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What affects your credit score?

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We know what is in your credit score, but what things that you do actually affect your score, either positively or negatively? Let’s take a look at some of those things.

What makes your credit score go up?
Paying bills on time – This shows creditors that your trustworthy. It isn’t a quick method to increasing your score, but it is sure. And more importantly, if you don’t do it, your score will go down. Since your payment history is 35% of your score, this is huge.
Improving your credit utilization rate – This can be done by either paying off some debts or by increasing your credit limit. It is all about decreasing the amount you owe compared to your credit limits.
Remove negative or untrue items from your report – If there is something untrue, it could be negatively impacted your credit score. You need to make sure that your report is accurate.

What makes your credit score go down?
A hard credit inquiry – This is different than a soft credit inquiry, and it usually happens when you are applying for some type of mortgage or loan. However, this should be a short-term thing, and won’t affect your score for too long.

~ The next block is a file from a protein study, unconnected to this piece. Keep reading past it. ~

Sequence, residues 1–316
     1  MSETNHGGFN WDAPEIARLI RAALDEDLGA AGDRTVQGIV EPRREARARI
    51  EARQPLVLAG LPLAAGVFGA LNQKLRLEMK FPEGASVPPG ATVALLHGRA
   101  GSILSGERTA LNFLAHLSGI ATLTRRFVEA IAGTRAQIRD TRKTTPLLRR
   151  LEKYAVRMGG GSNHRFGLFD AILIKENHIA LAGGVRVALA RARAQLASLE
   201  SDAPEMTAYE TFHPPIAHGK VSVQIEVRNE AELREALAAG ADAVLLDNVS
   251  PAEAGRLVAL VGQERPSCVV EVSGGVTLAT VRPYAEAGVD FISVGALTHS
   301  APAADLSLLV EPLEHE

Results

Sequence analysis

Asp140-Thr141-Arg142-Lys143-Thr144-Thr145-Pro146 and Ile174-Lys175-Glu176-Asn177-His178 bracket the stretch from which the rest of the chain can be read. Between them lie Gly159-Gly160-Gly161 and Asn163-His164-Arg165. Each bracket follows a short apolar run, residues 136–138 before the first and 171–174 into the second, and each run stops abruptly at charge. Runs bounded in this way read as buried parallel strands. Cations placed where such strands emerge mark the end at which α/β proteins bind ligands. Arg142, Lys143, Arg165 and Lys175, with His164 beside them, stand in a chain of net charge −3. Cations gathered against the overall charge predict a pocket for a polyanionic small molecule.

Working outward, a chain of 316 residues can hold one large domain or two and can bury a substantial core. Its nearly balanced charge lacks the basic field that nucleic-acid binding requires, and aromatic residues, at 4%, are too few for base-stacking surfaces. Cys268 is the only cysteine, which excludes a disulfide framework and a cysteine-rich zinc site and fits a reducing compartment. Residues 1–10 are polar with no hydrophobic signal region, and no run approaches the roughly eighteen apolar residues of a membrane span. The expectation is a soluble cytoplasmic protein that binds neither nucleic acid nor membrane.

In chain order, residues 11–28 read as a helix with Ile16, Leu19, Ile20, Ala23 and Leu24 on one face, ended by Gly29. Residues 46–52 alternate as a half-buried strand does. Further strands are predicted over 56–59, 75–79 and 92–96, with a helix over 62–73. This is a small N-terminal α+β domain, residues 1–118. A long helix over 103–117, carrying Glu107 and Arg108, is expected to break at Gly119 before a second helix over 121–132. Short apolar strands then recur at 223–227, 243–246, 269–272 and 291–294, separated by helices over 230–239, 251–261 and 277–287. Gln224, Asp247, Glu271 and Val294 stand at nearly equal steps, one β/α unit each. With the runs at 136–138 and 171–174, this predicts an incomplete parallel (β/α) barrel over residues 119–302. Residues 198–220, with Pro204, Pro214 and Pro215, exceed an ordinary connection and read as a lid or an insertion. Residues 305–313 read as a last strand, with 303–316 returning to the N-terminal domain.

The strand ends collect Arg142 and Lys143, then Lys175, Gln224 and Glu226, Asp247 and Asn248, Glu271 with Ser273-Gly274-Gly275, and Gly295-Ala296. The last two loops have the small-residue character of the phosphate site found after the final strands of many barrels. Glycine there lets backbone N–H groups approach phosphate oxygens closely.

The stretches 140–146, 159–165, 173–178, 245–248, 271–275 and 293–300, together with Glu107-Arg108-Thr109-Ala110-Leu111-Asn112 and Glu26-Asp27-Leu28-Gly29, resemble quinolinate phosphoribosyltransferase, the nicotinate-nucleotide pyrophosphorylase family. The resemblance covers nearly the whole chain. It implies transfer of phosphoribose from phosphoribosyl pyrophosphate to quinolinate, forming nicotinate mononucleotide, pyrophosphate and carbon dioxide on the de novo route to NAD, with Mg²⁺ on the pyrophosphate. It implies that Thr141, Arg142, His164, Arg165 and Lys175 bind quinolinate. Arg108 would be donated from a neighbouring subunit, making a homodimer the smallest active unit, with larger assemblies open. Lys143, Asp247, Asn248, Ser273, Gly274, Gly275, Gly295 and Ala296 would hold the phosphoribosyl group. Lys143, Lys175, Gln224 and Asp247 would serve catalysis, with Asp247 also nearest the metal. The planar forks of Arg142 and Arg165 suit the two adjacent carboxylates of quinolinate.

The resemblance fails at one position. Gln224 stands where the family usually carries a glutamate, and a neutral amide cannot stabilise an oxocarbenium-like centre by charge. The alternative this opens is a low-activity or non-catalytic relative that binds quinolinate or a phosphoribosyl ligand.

Missing a payment – This is the easiest way to wreck your credit score, if you miss a payment. When creditors see that, it shows them they might not be able to trust you, and lowers your score.
Open a lot of accounts at once – This could look suspicious to creditors, if you have just recently opened up a lot of new accounts. It’s better to stagger things a while, unless you know you won’t be needing a credit score as high as possible any time soon.
Closing your oldest credit account – If you have a relatively short credit history, this could have a negative impact on your score, because it lowers the length of your credit history. However, if you’ll have a long history even if you close your oldest account, you should be ok.
(EDIT: Kevin from Credit Bureau Insider has informed me that when you close an account, it does stay on your credit history for seven years, so closing your oldest account actually should not affect your score at all. Thanks to Kevin for the correction.)

Anything else that will affect your score?

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One Response to “What affects your credit score?”

  • I see the advice about holding onto your oldest account over and over. It seems like one of those tales told often enough that it becomes accepted as fact.

    When you close an account the history remains on your report for another 7 years.